But times are tough and the rent is due, and when players need extra dough, there’s always the Black, an illegal open source tournament where the sick and twisted desires of the future are given free rein in the Westhavens, a gothic dungeon fantasy world.
And all too soon, the real and virtual worlds collide when PerfectQuestion refuses to become the tool of a mad man intent on hacking the global economy for himself.
“The Ultra Thin Man” by Patrick Swenson
In the twenty-second century, a future in which mortaline wire controls the weather on the settled planets and entire refugee camps drowse in drug-induced slumber, no one — alive or dead, human or alien — is quite what they seem. When terrorists manage to crash Coral, the moon, into its home planet of Ribon, forcing evacuation, it’s up to Dave Crowell and Alan Brindos, contract detectives for the Network Intelligence Organization, to solve a case of interplanetary consequences. Crowell’ and Brindos’s investigation plunges them neck-deep into a conspiracy much more dangerous than anything they could have imagined.
The two detectives soon find themselves separated, chasing opposite leads: Brindos has to hunt down the massive Helkunn alien Terl Plenko, shadow leader of the terrorist Movement of Worlds. Crowell, meanwhile, runs into something far more sinister — an elaborate frame job that puts our heroes on the hook for treason.
In this novel from Patrick Swenson, Crowell and Brindos are forced to fight through the intrigue to discover the depths of an interstellar conspiracy. And to answer the all-important question: Who, and what, is the Ultra Thin Man?
“Your Face in Mine” by Jess Row
An award-winning writer delivers a poignant and provocative novel of identity, race and the search for belonging in the age of globalization.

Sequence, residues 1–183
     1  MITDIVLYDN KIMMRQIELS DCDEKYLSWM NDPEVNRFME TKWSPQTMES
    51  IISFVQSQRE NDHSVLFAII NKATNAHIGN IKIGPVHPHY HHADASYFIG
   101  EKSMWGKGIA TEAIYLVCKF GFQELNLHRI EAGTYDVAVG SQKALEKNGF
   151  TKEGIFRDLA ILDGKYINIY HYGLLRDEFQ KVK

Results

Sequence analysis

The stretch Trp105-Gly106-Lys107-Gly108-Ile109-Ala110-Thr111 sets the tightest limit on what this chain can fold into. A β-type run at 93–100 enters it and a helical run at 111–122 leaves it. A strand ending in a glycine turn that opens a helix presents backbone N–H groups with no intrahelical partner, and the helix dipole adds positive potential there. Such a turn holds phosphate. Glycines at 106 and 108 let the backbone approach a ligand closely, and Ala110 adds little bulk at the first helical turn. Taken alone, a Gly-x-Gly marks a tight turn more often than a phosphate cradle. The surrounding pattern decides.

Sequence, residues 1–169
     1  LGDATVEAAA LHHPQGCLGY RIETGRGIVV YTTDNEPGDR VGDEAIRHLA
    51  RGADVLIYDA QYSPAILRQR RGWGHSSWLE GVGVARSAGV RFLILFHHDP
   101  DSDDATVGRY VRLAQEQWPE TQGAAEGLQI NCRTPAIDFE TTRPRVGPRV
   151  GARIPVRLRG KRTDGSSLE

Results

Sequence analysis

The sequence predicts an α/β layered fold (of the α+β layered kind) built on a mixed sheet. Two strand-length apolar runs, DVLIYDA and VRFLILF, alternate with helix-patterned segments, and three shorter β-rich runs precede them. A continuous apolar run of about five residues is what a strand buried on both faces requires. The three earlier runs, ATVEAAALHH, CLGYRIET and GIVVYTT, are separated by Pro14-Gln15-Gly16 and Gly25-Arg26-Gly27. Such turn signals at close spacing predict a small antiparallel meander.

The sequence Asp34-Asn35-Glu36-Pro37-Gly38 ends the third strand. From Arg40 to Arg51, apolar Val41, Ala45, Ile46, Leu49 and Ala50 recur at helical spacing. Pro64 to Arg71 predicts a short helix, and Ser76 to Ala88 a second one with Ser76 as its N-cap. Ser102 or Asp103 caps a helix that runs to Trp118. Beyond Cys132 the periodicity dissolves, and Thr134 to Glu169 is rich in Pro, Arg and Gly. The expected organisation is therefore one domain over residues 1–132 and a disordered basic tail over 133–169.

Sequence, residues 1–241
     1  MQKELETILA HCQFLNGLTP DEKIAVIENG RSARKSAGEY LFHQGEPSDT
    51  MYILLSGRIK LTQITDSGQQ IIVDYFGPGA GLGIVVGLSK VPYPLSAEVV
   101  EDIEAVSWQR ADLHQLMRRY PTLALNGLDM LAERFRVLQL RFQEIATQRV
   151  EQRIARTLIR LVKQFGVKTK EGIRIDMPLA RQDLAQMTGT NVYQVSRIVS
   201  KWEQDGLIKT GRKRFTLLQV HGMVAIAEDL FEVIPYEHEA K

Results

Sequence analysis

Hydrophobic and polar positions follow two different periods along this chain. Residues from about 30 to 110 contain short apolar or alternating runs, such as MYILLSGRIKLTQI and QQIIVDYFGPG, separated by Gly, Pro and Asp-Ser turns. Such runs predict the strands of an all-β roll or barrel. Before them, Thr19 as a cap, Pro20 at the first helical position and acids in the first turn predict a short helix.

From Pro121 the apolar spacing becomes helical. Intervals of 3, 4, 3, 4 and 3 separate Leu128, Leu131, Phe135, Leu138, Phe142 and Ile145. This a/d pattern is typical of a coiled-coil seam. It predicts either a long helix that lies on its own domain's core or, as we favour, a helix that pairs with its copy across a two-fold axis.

One afternoon, not long after Kelly Thorndike has moved back to his hometown of Baltimore, an African American man he doesn’t recognize calls out to him. To Kelly’s shock, the man identifies himself as Martin, who was one of Kelly’s closest friends in high school — and, before his disappearance nearly twenty years before, skinny, white, and Jewish. Martin then tells an astonishing story: After years of immersing himself in black culture, he’s had a plastic surgeon perform ‘racial reassignment surgery’ — altering his hair, skin, and physiognomy to allow him to pass as African American. Unknown to his family or childhood friends, Martin has been living a new life ever since.
Now, however, Martin feels he can no longer keep his new identity a secret; he wants Kelly to help him ignite a controversy that will help sell racial reassignment surgery to the world. Kelly, still recovering from the death of his wife and child and looking for a way to begin anew, agrees, and things quickly begin to spiral out of control.
Inventive and thought-provoking, Your Face in Mine is a brilliant novel about cultural and racial alienation and the nature of belonging in a world where identity can be a stigma or a lucrative brand.